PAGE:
More ice cream makers are going dairy-free amid declining milk sales and changing consumer preferences.
Black Tap, the New York City-based burger joint turned viral sensation after launching its towering milkshakes in 2015, announced Monday it will offer its first fully vegan CrazyShake in a chocolate and vanilla flavor at shop locations globally.
The vegan shake, dubbed The Black 'n White Cake Shake, is a dairy-free ode to the iconic black-and-white cookie. It's made with a soy-based chocolate shake, vanilla frosting made from almond milk, chocolate chips and topped with a black-and-white cake made with apple sauce instead of dairy. It's finished with a rice-based whipped cream and drizzled in chocolate. The towering milkshake costs a cool $18 and is now available in New York locations, Las Vegas and Singapore.
Black Tap's vegan milkshake launch comes as more food businesses pivot to vegan options amid declining milk sales. America's biggest milk producer, Dean Foods, said it was filing for bankruptcy in November due to the continuing decline in milk consumption. Milk sales plummeted to $12 billion in 2019 from $15 billion in 2015, according to market research from Nielsen. Almond milk sales, meanwhile, have surged almost 6 percent to $1.35 billion, while oat milk surged 662 percent to $59.8 million last year, Nielsen data show.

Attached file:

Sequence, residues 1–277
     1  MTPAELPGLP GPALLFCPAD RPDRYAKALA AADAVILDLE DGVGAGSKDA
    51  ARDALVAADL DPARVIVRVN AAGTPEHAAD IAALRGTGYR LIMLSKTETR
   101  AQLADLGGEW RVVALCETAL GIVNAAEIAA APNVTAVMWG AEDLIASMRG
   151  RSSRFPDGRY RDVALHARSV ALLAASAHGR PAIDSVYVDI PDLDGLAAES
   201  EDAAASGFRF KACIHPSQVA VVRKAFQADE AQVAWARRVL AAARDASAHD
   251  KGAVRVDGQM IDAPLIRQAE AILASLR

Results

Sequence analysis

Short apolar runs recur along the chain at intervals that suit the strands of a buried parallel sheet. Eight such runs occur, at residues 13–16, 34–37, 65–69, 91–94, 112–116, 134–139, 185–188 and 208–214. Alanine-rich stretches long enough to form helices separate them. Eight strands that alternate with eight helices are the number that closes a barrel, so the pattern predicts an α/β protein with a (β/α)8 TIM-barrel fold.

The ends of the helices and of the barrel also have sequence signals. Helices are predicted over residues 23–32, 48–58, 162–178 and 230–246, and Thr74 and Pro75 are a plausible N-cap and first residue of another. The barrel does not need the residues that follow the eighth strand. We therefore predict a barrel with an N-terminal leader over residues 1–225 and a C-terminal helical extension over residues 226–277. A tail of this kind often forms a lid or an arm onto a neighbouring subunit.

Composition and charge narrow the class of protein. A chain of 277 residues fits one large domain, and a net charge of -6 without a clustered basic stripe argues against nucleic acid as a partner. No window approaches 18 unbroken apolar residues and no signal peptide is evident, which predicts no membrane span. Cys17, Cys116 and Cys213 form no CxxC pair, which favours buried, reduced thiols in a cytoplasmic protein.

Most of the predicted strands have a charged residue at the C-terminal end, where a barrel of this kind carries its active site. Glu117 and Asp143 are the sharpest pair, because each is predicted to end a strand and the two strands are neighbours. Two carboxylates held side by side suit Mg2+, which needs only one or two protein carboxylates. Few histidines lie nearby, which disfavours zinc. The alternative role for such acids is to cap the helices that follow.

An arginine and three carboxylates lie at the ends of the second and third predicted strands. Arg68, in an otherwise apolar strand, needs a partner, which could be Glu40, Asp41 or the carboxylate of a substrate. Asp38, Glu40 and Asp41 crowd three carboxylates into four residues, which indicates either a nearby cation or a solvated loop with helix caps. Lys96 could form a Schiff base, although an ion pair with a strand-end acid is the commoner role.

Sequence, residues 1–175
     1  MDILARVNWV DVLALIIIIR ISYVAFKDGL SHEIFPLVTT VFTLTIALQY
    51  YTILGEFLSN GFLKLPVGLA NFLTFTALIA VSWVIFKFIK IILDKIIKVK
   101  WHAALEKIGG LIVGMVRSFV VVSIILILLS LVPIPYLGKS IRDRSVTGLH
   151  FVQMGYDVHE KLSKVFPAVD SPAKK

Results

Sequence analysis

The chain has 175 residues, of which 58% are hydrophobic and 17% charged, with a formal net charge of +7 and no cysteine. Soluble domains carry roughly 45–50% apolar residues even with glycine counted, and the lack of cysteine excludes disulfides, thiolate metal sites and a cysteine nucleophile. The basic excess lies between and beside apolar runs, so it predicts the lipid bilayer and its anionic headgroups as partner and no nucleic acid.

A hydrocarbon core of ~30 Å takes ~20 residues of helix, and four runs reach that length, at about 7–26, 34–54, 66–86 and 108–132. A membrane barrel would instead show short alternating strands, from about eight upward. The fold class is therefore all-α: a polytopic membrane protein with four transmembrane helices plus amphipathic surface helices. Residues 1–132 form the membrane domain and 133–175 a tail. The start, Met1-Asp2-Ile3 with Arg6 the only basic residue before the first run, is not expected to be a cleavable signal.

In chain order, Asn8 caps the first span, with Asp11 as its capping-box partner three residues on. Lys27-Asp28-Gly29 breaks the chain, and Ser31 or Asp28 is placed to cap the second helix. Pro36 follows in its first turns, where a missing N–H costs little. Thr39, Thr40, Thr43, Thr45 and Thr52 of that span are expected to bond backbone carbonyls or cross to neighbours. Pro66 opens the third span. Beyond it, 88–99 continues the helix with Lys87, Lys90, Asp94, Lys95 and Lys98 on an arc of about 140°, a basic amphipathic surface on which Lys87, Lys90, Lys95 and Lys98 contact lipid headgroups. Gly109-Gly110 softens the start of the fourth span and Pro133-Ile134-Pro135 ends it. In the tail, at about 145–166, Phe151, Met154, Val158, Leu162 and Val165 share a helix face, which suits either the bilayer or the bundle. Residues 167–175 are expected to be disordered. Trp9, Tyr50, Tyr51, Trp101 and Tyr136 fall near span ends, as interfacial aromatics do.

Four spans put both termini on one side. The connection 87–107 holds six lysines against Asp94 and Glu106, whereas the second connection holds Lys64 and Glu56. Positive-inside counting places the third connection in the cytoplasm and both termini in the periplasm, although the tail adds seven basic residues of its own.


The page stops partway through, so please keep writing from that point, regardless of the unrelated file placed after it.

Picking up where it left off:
Last week, ice cream giant Ben & Jerry's announced its new ice cream flavor Netflix and Chill'd, a peanut butter ice cream base combined with sweet and salty pretzel swirls and fudge brownie, which is available in a dairy-free variety using an almond milk base. And Kind, the fruit and nut bar brand, announced it would launch it's plant-based, dairy-free frozen ice cream bars nationwide. Other dessert brands like mini cupcake empire Bake By Melissa have also rolled out dairy-free varieties of their signature products.
"Research shows that veganism grew 600 percent from 2014 to 2017, but we don't have to read the stats to know vegan foods are in demand," Black Tap owner Chris Barish said in a statement. "We knew we needed to take our time to carefully craft this shake and not simply put any shake on the menu."
It's no surprise that more food brands are ramping up their plant-based, vegan efforts. Retail sales for plant-based foods have grown 11 percent in the past year, bringing the total market value to more than $4.5 billion, according to the Plant Based Foods Association. The total of U.S. retail food has grown just 2 percent in dollar sales during the same period, according to the same report, suggesting that plant-based alternatives seem to be driving the industry. The market for vegan foods is forecast to reach as much as $24.3 billion by 2026.